NC A&T’s baptism into the Colonial Athletic Association (CAA) and into the ever-developing world of DIv. I college athletics has begun.
Things have been quite revelatory three games into the maiden CAA voyage for the men’s basketball team and two games in for the women.
Eight- or nine-hour Florida road trips to Daytona Beach (Bethune-Cookman) and Tallahassee (Florida A&M) are things of the past. Nine- to 12-hour treks to Boston (Northeastern) and Hempstead, NY (Hofstra) are the new normal. That was the men’s program’s first CAA road trip last week that some considered more brutal than the trips South. At least the trips to the Sunshine state didn’t involve the cold or the traffic of the Northeast. The Aggies finished a respectable 1-1 on that trip.
Wednesday, the Aggies welcomed in a nationally-ranked conference team to Corbett Center, 14-1 CAA leader Charleston (S. C.). The 23rd-ranked Cougars, whose only loss was to then No. 1 North Carolina, brought with them a national TV audience on the CBS Sports Network as they took down the Aggies, 92-79. The NC A&T game story said the game “marked the first time a nationally-ranked program played inside Corbett and the first time the Aggies faced a conference opponent who was nationally ranked.”
Next up for the the A&T men is a home date Saturday against 13-3 UNC-Wilmington, the second-place CAA team. Like Charleston, UNC-W lost to UNC, and also has losses to Oklahoma and then undefeated and now 14-2, No. 25 Connecticut.
Welcome to the CAA.
CAA baptism: Get used to long journeys
Long, tough journeys are just beginning for the NC A&T program that cited extensive travel and loss of class time among other factors for its decision in 2020 to leave the Mid-Eastern Athletic Conference to join the Big South Conference before jumping to the CAA in early 2022.
The next journey North for the NC A&T men comes in mid-February when they travel to Stony Brook, NY (Stony Brook), West Long Branch, NJ (Monmouth) and Towson, Md. (Towson). They are spared an eight-hour trip to Philadelphia (Drexel). The Aggies will only face the Dragons at home in Greensboro.
The 2-0 Lady Aggies got to stay local relatively, with wins at home vs. Elon and on the road at nearby Charleston (S. C.) to open their CAA schedule last week. Their first long distance CAA road trip will be of the nine-hour variety this week to West Long Beach, NJ (Monmouth) and Hempstead (Hofstra).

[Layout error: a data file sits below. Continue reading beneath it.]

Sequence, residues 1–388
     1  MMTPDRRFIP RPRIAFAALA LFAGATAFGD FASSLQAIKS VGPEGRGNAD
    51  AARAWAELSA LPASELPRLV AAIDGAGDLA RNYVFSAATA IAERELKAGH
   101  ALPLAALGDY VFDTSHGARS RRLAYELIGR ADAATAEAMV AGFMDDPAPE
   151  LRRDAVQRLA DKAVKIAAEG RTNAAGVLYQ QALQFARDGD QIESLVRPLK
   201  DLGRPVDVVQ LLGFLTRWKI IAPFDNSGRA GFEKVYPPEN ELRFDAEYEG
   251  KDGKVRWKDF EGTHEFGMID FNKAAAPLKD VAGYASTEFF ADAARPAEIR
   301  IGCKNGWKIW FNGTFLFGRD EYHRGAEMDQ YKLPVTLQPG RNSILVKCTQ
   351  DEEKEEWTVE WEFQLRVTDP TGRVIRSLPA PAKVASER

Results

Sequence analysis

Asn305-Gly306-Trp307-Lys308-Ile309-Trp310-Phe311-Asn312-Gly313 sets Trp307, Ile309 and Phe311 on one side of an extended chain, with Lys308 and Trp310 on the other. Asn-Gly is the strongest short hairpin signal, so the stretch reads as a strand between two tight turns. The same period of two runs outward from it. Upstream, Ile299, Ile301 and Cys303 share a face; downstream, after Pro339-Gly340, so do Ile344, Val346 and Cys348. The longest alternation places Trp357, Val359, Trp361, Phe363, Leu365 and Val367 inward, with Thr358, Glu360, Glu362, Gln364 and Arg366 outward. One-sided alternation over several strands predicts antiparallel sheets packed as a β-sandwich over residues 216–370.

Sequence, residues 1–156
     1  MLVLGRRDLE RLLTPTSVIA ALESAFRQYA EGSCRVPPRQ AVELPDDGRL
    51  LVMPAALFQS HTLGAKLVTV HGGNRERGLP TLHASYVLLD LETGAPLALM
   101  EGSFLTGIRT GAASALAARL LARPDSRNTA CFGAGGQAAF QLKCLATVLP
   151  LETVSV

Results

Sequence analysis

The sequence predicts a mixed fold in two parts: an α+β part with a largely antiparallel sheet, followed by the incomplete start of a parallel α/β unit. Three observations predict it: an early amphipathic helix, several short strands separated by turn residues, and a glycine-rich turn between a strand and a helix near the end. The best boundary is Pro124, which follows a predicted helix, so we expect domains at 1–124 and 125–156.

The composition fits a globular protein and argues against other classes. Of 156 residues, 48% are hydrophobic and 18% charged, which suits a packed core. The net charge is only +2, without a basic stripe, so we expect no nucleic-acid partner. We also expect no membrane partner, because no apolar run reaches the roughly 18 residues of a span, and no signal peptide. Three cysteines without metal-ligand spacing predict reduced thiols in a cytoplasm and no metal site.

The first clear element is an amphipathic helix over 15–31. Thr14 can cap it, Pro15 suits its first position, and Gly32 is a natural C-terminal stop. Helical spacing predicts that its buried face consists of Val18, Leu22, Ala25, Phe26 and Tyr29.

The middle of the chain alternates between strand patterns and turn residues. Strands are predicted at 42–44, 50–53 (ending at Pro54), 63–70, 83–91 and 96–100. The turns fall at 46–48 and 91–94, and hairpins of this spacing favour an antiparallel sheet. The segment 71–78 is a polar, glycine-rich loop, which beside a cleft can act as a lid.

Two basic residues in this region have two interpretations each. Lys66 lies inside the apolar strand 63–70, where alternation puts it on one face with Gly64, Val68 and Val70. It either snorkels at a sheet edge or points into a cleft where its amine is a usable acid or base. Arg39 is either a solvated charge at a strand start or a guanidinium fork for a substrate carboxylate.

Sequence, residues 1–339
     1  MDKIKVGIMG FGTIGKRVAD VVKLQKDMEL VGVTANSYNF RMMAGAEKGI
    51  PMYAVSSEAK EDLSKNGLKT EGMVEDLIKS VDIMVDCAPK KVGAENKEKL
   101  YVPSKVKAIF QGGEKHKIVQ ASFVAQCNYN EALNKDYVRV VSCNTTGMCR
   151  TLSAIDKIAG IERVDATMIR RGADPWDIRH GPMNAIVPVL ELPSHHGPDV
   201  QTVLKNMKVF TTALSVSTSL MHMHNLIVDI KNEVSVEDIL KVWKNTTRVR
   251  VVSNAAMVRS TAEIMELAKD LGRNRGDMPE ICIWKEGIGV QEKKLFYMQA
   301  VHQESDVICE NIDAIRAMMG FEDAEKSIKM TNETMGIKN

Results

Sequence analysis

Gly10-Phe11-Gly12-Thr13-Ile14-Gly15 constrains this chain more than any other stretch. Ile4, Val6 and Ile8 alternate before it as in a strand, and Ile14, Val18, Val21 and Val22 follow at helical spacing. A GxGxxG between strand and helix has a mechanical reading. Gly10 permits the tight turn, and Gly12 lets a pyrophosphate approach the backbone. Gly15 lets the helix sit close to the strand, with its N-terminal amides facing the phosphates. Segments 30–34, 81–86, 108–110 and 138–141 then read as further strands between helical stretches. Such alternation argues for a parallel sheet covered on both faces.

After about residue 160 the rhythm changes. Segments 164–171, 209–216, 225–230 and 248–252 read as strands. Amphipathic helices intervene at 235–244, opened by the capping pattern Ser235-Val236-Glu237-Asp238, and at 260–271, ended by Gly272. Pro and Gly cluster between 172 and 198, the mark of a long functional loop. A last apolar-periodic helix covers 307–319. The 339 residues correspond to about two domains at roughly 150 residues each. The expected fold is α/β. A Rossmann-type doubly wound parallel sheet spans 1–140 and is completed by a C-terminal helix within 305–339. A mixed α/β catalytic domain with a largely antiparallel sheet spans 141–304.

CAA baptism: More to come
By the way, did you know the CAA got five teams (Delaware, New Hampshire, Richmond, William & Mary and Elon) in the Football Championship Subdivision (FCS) playoffs this season. When has that happened in the MEAC or the Big South?
While on the subject, the CAA’s new 14-member football roster, once NC A&T joins next year, will include members in Philadelphia (Villanova), Albany, NY (UAlbany), Kingston, New Hampshire (New Hampshire), Durham, Rhode Island (Rhode Island) and Orono, Maine (Maine). Those are road trips of 7 to 18 hours by land. The long journeys have just begun.
The only hope to bring some regional sense to this travel madness is for the CAA to split into North and South Divisions and limit the long forays. CAA Commissioner Joe D’Antonio, who was at the Aggies’ game Wednesday and sat with NC A&T Athletics Director Earl Hilton, has said the conference will consider that option.
The optimum word for what’s going on at NC A&T and in college athletics in general now is change. And money – big money! Some may lament the shifts taking place at A&T’s mid-major level. Contemplate, if you will, what happens when a UCLA or Southern Cal leaves the PAC-12 to join the Big Ten, as each has proposed. UCLA and USC will be travelling from the West Coast to the East coast to face the likes of Penn State, Ohio State and Maryland – in every sport.
The travel is mind-boggling. But so is the potential payoff.